Independent Medical Exams for L&I Claims
During the course of your workers’ comp claim, you may be required to undergo an independent medical examination (IME) that is conducted by a doctor hired by L&I. The purported reason for an IME is to have a physician other than your primary provider give expert opinion regarding your medical condition. However, independent medical examiners sometimes misdiagnose a patient, or mischaracterize a workplace injury as one that is preexisting, or that occurred outside of work.
What is an Independent Medical Exam?
An IME is a patient interview that allows a doctor hired by L&I to learn the history of your accident and medical condition. This is followed by the physical examination, which should not be conducted for any reason unconnected to the condition in question. An IME usually takes no more than 30 minutes, but it can be awhile before you hear back from L&I regarding the outcome from the IME.
Who Pays For An IME?
L&I covers the costs of the independent medical examination as long as you appear and cooperate with procedures. However, if you do not attend and fail to provide a good reason for your absence, L&I may reduce your time loss benefits; other benefits may be jeopardized as well.
What Do I Need To Know Before An Independent Medical Evaluation?
While it is unlikely that the independent medical examination report will be fair, with the right preparation, you can minimize damage to your case by following these tips:
- Have someone accompany you to the examination—preferably your significant other or trusted friend, a professional appointed by your attorney, or a nurse. The accompanying person should take detailed notes or make an audio recording of the exam.
- Be aware that you may be under observation at all times, from the moment you get out of your car in the parking lot until you leave the premises. The IME physician will be looking for any signs that cause suspicion or that contradict your claim to an injury. Some independent medical examiners set up scenarios that catch patients off-guard; for instance, a doctor may drop something or make a sudden movement that triggers the patient to quickly turn his or her head.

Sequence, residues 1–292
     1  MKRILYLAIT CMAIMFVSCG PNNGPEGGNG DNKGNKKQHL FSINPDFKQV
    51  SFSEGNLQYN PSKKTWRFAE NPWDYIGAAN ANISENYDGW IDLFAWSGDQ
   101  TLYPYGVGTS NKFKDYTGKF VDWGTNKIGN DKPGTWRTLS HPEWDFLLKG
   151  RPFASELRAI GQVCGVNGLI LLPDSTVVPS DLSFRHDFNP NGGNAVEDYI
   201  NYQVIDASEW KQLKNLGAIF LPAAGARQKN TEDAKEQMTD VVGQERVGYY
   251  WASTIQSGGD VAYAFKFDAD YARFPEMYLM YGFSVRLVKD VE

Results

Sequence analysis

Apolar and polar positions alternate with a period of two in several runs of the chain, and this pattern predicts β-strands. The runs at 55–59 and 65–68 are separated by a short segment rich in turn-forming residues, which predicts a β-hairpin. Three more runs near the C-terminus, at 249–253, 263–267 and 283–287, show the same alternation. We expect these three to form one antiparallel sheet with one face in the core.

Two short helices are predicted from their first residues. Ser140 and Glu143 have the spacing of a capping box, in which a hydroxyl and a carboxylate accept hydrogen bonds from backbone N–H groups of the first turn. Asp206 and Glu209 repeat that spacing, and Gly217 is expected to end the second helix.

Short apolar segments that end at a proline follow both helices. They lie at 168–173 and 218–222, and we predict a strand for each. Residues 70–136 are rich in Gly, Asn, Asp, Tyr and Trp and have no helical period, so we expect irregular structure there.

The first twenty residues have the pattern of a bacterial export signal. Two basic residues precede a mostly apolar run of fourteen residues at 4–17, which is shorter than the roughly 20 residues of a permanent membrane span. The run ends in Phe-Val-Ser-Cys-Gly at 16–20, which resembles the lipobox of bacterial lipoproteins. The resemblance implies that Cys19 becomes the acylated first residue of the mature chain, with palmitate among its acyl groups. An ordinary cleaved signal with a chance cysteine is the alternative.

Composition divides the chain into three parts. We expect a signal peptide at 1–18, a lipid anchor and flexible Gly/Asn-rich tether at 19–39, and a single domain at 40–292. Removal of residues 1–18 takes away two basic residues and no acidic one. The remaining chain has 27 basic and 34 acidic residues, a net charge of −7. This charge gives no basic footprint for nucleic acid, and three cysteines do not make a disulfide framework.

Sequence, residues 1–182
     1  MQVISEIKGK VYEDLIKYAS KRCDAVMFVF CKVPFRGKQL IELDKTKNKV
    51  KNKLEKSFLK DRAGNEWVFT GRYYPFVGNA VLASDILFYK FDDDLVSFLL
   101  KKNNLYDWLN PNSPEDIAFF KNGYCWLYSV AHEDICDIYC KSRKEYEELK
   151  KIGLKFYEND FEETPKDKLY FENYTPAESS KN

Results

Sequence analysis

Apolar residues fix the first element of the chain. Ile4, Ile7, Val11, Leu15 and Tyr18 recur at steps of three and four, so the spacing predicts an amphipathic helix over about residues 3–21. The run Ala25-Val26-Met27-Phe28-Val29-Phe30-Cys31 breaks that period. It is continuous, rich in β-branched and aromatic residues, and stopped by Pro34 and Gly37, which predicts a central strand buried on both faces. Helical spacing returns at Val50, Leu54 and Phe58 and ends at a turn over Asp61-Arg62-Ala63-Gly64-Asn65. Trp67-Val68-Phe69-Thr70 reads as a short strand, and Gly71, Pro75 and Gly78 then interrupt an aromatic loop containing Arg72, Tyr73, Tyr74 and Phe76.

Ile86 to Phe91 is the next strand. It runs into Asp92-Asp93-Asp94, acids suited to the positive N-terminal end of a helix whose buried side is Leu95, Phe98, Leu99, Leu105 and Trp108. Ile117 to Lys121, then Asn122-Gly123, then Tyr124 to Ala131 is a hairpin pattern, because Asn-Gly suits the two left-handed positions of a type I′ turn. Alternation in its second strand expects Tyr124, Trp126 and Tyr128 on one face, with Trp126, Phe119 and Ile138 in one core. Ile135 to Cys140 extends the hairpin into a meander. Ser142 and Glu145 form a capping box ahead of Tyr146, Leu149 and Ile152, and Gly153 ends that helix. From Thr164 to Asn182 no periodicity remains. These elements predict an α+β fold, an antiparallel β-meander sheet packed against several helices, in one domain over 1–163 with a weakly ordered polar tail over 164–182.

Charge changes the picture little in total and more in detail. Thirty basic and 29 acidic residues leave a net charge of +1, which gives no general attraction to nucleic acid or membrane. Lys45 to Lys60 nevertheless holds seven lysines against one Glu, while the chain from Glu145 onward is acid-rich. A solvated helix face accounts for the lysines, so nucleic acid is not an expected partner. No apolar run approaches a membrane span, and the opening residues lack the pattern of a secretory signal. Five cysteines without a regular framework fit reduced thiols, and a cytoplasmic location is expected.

- Do not sign any paperwork other than the sign-in sheet.
- Be polite and cooperative with the IME doctor, but do not answer questions that pertain to fault or that are irrelevant to your case (such as questions about unrelated medical problems).
- Be honest about relevant previous injuries. Insurance companies are skillful at uncovering past injuries.
- Provide a thorough history of the symptoms, injuries, and medical care related to your case.
- If you experience pain at any point during the examination, let the doctor know. The IME exam is no time to be “tough” or conceal your pain.
- Do not agree to invasive tests or submit to procedures that your regular doctor has already performed. In addition, you do not have to endure painful procedures.
Are Independent Medical Exams required?
Insurance companies and employers are legally entitled to schedule you for independent medical exams and require you to attend. If you have received notification that you are scheduled for an IME, it is in your best interest to consult an attorney prior to submitting to the process.
Should I Hire a Lawyer For My Independent Medical Exam?
A knowledgeable personal injury or workers’ compensation lawyer will take certain steps to make sure that your rights are not violated during the independent medical examination, as well as go over the details of what you should expect during your IME. The attorneys at Emery Reddy have successfully prepared hundreds of clients for their IMEs and have over 15 years experience handling L&I claims, employment law cases, and third party injury claims. Call us for a free case analysis and see how we can help you get the workers’ compensation benefits you deserve.
FREE Case Analysis
FREE Case Analysis